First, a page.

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What to do with the elderly & dying on death row

man in orange jumpsuit being escorted by police officer sign that says "stop executions" is being held in the background
Death penalty protest. Photo: Brendan Smialowski / Getty

The Supreme Court recently agreed to hear the case of a 67-year old death row inmate whose dementia prevents him from remembering the crime that sentenced him to death, the New York Times reports.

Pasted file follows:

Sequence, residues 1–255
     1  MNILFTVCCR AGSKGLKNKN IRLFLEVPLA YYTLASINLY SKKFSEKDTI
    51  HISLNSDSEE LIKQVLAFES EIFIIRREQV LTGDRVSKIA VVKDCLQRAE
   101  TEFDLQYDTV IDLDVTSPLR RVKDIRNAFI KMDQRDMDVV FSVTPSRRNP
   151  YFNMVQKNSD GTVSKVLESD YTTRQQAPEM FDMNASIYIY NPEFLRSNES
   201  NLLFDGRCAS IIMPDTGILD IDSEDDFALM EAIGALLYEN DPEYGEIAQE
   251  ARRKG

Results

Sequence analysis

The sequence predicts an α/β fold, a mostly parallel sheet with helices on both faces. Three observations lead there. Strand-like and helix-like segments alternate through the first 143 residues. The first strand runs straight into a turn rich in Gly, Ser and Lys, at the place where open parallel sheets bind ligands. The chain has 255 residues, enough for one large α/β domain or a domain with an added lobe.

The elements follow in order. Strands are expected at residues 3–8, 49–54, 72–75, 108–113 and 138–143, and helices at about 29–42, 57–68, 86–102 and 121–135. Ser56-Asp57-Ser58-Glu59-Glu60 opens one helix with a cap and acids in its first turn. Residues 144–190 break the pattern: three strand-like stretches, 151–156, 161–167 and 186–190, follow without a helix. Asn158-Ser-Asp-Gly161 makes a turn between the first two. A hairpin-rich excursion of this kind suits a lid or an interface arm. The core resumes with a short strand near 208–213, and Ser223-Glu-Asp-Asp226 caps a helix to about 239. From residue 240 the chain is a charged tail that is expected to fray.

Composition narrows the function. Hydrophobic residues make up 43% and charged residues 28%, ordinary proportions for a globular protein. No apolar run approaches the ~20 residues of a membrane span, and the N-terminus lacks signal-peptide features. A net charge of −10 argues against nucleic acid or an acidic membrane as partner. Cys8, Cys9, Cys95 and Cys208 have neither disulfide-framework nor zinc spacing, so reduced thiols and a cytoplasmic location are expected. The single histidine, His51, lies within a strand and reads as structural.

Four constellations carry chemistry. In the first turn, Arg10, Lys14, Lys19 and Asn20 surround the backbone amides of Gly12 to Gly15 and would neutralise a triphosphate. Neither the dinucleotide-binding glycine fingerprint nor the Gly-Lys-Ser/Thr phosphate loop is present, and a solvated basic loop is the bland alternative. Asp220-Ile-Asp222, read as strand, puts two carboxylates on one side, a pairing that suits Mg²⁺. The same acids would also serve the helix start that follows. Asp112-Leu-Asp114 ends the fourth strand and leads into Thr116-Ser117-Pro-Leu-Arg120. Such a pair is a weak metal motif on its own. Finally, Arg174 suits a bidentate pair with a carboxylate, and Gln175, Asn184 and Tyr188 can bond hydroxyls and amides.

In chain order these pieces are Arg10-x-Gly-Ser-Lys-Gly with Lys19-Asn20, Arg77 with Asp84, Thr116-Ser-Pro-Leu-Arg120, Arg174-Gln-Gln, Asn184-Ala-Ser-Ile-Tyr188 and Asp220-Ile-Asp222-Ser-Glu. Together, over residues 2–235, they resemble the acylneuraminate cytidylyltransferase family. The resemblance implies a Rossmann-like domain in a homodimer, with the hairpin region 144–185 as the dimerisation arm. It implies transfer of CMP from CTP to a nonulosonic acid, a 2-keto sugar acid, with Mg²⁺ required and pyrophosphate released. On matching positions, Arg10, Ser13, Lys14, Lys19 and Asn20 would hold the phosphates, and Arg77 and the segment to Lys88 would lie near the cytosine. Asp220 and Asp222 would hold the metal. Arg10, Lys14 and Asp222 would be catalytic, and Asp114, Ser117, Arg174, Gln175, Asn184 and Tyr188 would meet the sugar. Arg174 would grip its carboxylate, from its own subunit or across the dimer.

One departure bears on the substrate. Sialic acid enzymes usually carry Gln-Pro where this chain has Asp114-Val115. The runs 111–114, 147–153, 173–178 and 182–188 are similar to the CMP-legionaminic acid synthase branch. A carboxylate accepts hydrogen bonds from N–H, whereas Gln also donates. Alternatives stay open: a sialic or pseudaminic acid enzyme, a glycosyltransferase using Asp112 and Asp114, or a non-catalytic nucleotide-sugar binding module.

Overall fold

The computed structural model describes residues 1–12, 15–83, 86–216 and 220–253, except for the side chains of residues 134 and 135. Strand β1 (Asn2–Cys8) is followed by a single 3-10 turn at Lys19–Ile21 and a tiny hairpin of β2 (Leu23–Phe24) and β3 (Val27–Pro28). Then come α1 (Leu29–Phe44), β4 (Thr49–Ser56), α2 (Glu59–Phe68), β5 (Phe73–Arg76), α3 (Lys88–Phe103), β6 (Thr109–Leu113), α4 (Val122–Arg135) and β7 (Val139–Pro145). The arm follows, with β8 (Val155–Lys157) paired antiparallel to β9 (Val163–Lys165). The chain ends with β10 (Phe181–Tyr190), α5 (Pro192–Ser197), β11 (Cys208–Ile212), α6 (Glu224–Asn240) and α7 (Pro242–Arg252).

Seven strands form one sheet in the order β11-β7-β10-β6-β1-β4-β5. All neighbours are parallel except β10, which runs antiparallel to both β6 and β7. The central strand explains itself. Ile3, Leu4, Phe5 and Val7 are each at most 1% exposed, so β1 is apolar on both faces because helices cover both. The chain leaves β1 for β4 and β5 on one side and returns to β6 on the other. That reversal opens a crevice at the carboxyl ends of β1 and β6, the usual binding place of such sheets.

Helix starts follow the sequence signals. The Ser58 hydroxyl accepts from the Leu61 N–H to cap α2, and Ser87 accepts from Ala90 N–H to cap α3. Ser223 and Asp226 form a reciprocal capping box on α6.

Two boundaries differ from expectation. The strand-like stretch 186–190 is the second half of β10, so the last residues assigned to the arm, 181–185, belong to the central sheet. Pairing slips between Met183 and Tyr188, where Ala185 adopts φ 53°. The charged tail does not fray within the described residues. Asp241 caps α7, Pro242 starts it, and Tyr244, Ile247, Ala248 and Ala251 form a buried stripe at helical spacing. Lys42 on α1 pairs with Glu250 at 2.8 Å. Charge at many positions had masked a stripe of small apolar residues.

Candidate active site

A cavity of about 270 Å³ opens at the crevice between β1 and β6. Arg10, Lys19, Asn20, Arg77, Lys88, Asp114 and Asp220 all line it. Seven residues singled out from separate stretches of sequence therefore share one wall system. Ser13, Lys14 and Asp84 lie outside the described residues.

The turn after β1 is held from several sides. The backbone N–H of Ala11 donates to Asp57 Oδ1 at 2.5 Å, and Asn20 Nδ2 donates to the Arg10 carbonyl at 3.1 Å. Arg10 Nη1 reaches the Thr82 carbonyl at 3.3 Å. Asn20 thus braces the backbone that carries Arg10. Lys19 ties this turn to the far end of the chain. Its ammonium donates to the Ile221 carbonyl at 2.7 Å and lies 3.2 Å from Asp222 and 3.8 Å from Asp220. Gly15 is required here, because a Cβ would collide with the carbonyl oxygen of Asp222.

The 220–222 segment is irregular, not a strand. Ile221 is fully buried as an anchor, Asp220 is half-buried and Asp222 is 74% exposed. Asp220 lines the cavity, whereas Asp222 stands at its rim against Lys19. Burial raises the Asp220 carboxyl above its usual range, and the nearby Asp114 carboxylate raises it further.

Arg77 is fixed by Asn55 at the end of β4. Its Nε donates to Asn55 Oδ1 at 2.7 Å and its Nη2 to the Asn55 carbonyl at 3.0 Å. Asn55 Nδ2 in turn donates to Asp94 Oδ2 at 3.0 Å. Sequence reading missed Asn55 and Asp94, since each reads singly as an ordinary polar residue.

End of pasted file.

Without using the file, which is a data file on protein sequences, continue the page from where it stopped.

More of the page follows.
Why it matters: The Supreme Court has already ruled against the execution of juveniles and the mentally ill, and now looks at the legality of executing the elderly. Long legal processes and a lack of access to lethal drugs has drawn out the time between sentencing and executions. By the time there's an execution date, some prisons have found difficulty locating suitable veins in aging inmates to inject the deadly chemicals. In many states, death row inmates are more likely to die from natural causes than execution, according to the Times.